Some songs seem to be completely irrelevant. The number 'I Know You' sung by The Stepmother and The Queen where they sing about how they seem to know each other from their past. It wasn't clear by the end of the number or the end of the show where they actually knew each other from or even the relevance if they did know each other what did that matter. 


The ending feels rushed too (spoiler alert for those who might not have guessed that Cinderella gets her prince). The relationship pay off between Cinderella and Prince Sebastian just seems sudden and okay they're together here's the happy ending and that's it. I guess we all know it's coming but that moment feels very rushed.


The biggest jarring moment in the story for me is the act two return of Prince Charming. He quite literally appears out of the blue to return and "save Prince Sebastian from a loveless marriage". Charming's return means the wedding is cancelled or is it? Charming then proceeds to introduce us to his boyfriend. The part of the story really does feel like they were just ticking boxes when writing the show. Adding a gay storyline is a brilliant celebratory thing but it does feel a bit tokenistic in the way they've done it here. They could have tied it in better rather than playing it off as a small moment.


Visually the production is superb, although I'm not sure Belleville screams the most attractive town. The lighting by Bruno Poet is striking and visually aids the vibe of the scenes. The costumes by Gabriela Tylesova are stunning - they're lavish and match the right feel that they're going for. 


I was lucky to be sat in the rows that mean 'you're moved in more ways than one'. This is a really fascinating and quite a special thing! For about 20 minutes towards the start of act two, you get an experience that is quite unlike anything you'll experience in any other theatre. Is this just a gimmick? Well, it might be but it does create a great moment and a memorable experience.

Georgina Onuorah and Ivano Turco. Photo by me.


The strength of the show is the outstanding cast, none of which I could fault. On the performance, I attended I had the great pleasure of seeing Georgina Onuorah make her Cinderella debut as Carrie Hope Fletcher was indisposed by illness. Onuorah was a triumph, she was so self-assured, confident and believable in the role. Her vocals are a treat. It was a thrill to make her shine.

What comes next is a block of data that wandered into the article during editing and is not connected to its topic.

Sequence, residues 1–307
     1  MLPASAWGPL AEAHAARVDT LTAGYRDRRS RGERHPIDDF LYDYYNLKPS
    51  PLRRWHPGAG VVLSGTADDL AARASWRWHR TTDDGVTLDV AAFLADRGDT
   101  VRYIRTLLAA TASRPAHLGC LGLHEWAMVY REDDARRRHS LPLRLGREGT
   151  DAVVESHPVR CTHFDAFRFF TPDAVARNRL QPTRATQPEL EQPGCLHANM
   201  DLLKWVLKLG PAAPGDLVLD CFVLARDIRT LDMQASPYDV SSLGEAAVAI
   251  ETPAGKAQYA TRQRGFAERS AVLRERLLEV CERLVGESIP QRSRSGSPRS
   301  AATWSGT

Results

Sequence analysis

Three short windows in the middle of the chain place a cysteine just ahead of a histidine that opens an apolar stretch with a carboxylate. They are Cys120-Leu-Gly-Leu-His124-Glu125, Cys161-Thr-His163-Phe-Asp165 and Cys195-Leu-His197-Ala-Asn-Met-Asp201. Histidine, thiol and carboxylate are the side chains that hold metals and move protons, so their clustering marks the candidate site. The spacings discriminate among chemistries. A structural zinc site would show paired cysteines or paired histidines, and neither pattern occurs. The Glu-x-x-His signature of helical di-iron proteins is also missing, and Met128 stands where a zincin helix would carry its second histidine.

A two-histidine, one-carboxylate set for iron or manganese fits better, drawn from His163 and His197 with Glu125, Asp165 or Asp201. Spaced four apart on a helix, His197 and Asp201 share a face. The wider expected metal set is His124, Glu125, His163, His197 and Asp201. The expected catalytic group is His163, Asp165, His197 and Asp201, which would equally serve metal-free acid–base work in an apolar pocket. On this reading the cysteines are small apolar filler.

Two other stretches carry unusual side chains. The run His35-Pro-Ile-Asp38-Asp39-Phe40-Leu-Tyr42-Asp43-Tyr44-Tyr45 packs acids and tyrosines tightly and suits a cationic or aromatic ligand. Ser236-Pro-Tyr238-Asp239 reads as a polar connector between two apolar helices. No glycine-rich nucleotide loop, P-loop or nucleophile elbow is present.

Onuorah is matched by another superb young star in Ivano Turco's Prince Sebastian. He too fits the role perfectly and his voice soars and is a real treat to listen to. The pair of them will hopefully continue to shine for many years in the future, they certainly possess the talent for it.


There are some fabulous supporting performances too. Victoria Hamilton-Barritt has a blast as The Stepmother, how she manages to maintain the husky voice she's given the character is brilliant. Laura Baldwin and Georgina Castle are great fun as the stepsisters, they relish their moments and it's nice to see these two roles done slightly differently especially Castle's Marie. Rebecca Trehearn always delivers and she's gloriously over the top as The Queen. Gloria Onitiri has such a powerful voice and adds real mystery to the Godmother.


For me, were I rating the show I'd probably give it 2/3 stars. The cast deserves SO much credit for their fantastic performances, especially Onuorah and Turco but they're let down by a weak script. I applaud the effort to add something new to the Cinderella canon of adaptations. It's probably not the worst Cinderella adaptation ever but there's certainly enough 'bad Cinderella' here.